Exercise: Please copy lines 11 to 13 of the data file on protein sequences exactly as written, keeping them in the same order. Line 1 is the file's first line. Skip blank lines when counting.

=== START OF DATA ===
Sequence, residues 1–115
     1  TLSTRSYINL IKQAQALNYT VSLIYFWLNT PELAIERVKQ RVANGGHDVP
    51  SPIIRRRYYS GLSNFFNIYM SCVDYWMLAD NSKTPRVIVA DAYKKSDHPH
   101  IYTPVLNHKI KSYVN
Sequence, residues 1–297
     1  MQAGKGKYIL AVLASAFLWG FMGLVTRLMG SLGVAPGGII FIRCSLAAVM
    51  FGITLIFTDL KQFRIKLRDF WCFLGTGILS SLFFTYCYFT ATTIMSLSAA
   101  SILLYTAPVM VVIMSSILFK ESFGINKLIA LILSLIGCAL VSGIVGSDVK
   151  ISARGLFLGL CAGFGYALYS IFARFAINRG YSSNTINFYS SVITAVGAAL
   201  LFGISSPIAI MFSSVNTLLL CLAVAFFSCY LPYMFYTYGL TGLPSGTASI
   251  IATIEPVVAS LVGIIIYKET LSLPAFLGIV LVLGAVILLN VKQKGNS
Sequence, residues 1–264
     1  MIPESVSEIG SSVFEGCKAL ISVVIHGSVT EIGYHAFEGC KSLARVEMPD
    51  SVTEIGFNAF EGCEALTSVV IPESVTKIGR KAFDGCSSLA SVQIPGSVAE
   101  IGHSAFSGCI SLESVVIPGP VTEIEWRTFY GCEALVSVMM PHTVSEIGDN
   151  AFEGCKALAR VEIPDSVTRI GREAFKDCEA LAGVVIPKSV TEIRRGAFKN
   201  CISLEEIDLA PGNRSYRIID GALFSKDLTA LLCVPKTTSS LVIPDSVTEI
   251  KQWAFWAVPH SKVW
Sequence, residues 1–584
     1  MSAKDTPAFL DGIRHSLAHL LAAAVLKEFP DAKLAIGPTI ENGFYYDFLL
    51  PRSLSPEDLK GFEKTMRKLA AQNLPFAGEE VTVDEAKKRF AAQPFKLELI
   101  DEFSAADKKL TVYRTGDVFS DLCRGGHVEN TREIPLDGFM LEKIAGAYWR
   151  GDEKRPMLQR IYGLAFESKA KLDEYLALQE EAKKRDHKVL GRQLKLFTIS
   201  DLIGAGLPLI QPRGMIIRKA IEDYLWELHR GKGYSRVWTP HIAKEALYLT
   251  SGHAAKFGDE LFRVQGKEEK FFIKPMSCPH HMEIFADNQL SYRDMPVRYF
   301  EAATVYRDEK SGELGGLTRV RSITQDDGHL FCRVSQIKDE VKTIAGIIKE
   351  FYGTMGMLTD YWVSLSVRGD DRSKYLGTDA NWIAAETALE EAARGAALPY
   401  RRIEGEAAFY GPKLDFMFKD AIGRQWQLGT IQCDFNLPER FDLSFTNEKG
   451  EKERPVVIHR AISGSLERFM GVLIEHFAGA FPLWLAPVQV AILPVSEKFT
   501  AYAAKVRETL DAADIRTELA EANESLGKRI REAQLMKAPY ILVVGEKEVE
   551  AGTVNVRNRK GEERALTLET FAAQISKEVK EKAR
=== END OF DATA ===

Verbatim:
   251  IATIEPVVAS LVGIIIYKET LSLPAFLGIV LVLGAVILLN VKQKGNS
Sequence, residues 1–264
     1  MIPESVSEIG SSVFEGCKAL ISVVIHGSVT EIGYHAFEGC KSLARVEMPD